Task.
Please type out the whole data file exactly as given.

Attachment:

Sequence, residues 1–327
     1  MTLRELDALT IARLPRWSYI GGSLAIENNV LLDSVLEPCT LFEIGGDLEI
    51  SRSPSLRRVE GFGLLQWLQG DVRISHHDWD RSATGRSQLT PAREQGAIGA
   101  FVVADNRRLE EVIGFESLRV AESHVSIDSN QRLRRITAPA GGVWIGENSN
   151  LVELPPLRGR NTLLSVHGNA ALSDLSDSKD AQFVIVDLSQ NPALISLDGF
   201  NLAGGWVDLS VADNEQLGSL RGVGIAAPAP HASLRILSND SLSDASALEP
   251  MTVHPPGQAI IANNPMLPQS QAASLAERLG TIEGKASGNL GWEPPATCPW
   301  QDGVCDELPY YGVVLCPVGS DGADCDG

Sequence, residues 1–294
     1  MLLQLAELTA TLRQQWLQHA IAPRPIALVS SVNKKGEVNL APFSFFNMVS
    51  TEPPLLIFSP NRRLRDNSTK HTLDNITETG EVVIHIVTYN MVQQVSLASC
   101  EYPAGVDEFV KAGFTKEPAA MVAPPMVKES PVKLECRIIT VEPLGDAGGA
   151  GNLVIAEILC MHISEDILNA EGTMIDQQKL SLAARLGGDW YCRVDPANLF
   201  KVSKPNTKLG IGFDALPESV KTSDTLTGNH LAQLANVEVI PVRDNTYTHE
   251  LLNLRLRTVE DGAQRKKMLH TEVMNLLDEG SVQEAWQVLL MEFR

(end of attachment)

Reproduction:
Sequence, residues 1–327
     1  MTLRELDALT IARLPRWSYI GGSLAIENNV LLDSVLEPCT LFEIGGDLEI
    51  SRSPSLRRVE GFGLLQWLQG DVRISHHDWD RSATGRSQLT PAREQGAIGA
   101  FVVADNRRLE EVIGFESLRV AESHVSIDSN QRLRRITAPA GGVWIGENSN
   151  LVELPPLRGR NTLLSVHGNA ALSDLSDSKD AQFVIVDLSQ NPALISLDGF
   201  NLAGGWVDLS VADNEQLGSL RGVGIAAPAP HASLRILSND SLSDASALEP
   251  MTVHPPGQAI IANNPMLPQS QAASLAERLG TIEGKASGNL GWEPPATCPW
   301  QDGVCDELPY YGVVLCPVGS DGADCDG

Sequence, residues 1–294
     1  MLLQLAELTA TLRQQWLQHA IAPRPIALVS SVNKKGEVNL APFSFFNMVS
    51  TEPPLLIFSP NRRLRDNSTK HTLDNITETG EVVIHIVTYN MVQQVSLASC
   101  EYPAGVDEFV KAGFTKEPAA MVAPPMVKES PVKLECRIIT VEPLGDAGGA
   151  GNLVIAEILC MHISEDILNA EGTMIDQQKL SLAARLGGDW YCRVDPANLF
   201  KVSKPNTKLG IGFDALPESV KTSDTLTGNH LAQLANVEVI PVRDNTYTHE
   251  LLNLRLRTVE DGAQRKKMLH TEVMNLLDEG SVQEAWQVLL MEFR